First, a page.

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solution_set_12

# solution_set_12 - 30 April 2007 Michael F Brown CHEMISTRY...

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-1- 30 April, 2007 Michael F. Brown CHEMISTRY 481 (Biophysical Chemistry) Problem Set 12 - STUDY GUIDE To be turned in by: NEVER Background reading: Chapter 9 Chapter 10 Chapter 11.1–11.3, 11.7 Chapter 13.1–13.3, 13.10 Chapter 15 Back of Chapter Problems related to the homework (optional): Problems 9.3–9.5, 9.7–9.8, 9.11–9.15, 9.17, 9.19–9.21 Problems 10.12, 10.13, 10.18-10.20, 10.22, 10.26-10.28 Problems 11.10, 11.11,11.13, 11.27, 11.17 Problems 15.3, 15.5, 15.8, 15.11, 15.30 Problem 1 . One of the major applications of classical mechanics in biochemistry involves solving Newton’s Laws of motion for macromolecules. This method is called molecular dynamics . It can be used to investigate the atomic motions of proteins, nucleic acids (DNA and RNA), and the lipids in membranes. Let us consider the molecular dynamics of membrane lipids. The vibrations of the bonds joining the various atoms are modeled as a classical harmonic oscillator . Consider a representative C–H bond of a lipid in a membrane bilayer. For simplicity, the bond vibrations are modeled in terms of the relative motion of the two atoms. In a center of mass coordinate frame, the equation of motion is given by: d 2 x dt 2 + ω 0 2 x = 0 Here ω 0 = k / μ and μ is called the reduced mass , which is defined by: μ = m C m H m C + m H Let us assume that the force constant k = 450 N m –1 for the case of a CH bond. a) What is the natural frequency ν 0` / s –1 of the harmonic oscillations of the C–H bonds? b) In one type of experiment, hydrogen (H) is replaced chemically by deuterium (D). Do you expect the frequency of the bond oscillations to increase, decrease, or remain unaltered upon substitution of D for H? Why? c) What is the natural frequency ν 0 / s –1 of the C–D bond oscillations? (Assume the force constant k is the same as for a C–H bond.)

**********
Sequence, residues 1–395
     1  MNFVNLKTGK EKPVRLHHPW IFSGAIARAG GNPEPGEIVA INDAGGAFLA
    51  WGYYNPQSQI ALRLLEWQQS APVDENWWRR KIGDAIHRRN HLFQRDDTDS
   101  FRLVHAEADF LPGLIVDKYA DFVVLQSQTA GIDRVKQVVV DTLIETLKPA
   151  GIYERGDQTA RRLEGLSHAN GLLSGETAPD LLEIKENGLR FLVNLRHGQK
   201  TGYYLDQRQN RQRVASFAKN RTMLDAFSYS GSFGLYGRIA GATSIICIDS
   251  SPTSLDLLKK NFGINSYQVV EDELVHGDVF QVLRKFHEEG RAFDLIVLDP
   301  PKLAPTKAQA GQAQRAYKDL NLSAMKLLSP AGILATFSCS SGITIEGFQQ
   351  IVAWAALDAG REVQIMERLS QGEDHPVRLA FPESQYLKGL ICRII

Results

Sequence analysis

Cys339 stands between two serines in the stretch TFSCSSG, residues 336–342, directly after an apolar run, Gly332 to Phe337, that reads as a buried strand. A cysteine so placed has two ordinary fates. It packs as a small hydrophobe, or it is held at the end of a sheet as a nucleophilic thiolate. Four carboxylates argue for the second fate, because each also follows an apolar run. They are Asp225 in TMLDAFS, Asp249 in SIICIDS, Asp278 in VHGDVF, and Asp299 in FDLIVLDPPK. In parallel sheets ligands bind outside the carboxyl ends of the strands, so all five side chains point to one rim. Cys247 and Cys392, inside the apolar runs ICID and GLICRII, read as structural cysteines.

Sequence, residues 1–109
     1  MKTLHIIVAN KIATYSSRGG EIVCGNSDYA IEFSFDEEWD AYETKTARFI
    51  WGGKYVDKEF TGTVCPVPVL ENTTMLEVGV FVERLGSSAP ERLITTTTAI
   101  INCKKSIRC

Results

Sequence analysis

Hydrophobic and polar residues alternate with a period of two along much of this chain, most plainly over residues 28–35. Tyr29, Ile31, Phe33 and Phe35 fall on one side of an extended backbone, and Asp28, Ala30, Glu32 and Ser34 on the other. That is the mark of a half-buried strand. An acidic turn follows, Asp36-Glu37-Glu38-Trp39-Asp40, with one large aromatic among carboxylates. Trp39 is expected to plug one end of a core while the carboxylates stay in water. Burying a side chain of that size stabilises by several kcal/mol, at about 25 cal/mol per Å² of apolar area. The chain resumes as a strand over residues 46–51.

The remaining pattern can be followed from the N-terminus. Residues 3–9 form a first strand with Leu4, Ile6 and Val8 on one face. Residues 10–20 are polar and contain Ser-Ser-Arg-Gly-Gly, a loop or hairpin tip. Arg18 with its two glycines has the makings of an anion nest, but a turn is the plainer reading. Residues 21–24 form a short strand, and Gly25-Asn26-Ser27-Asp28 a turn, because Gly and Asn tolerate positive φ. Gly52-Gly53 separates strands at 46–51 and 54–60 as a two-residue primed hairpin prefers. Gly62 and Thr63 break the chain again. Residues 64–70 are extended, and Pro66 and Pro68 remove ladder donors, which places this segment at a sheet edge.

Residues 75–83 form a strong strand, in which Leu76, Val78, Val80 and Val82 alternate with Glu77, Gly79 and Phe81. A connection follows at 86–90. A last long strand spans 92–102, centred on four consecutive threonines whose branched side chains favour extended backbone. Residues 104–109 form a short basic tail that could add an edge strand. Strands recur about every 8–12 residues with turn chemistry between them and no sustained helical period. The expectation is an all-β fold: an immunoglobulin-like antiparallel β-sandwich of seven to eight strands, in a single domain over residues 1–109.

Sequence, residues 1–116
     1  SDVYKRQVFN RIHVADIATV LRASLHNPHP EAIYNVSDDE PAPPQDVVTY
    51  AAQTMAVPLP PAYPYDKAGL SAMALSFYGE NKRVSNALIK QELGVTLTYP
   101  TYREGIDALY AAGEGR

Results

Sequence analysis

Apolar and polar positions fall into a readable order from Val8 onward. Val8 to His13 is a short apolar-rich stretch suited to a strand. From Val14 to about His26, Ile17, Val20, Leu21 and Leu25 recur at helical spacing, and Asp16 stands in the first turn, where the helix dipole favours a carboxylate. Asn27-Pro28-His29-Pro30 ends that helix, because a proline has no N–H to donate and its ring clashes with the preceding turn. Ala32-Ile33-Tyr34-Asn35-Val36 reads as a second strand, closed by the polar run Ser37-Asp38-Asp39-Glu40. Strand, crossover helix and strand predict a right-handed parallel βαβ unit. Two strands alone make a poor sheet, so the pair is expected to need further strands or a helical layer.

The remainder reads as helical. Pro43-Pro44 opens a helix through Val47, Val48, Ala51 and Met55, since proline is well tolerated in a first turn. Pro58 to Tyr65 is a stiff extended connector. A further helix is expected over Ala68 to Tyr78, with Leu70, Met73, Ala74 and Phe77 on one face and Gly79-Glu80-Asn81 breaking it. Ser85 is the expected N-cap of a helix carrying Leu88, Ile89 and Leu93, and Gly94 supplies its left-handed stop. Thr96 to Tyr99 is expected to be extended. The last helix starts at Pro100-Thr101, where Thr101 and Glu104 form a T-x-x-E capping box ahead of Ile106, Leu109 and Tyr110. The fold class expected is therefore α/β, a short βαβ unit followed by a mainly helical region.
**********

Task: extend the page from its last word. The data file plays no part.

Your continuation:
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-2- d) Calculate the force needed to produce vibrations of a C–H bond with an amplitude ( A ) of 10.0 pm. Problem 2 . The wavefunction corresponding to a hydrogenic 1 s orbital is given by ψ ( r ) = 1 4 π e r / a 0 where the Bohr radius a 0 = 52.9 pm. ( Hint : the above wavefunction is not normalized, if you cannot normalize it then proceed to parts (b)–(e) without the normalization constant.) a) Find the normalized wave function. b) Calculate the expectation value of the radius, given by + r , . c) Calculate the expectation value of the radius squared, given by + r 2 , . d) Calculate the variance of the radius, defined by + r 2 , + r , 2 . e) Calculate the root mean square radius, defined by + r 2 , 1/2 . Problem 3 . An important pigment molecule found in plants is β -carotene: Assume that the electronic properties of β -carotene can be considered in terms of a particle-in-a- box , in which L = 2.0 nm. a) Write the Schrödinger equation and state the eigenfunctions and eigenvalues . Be sure to define all symbols. b) Given the free electron model, what is the wavelength of light absorbed by β -carotene? Problem 4 . A biochemist is interested in determining the amount of secondary structure (hydrogen bonding) in a newly discovered protein from human immunodeficiency virus (HIV).
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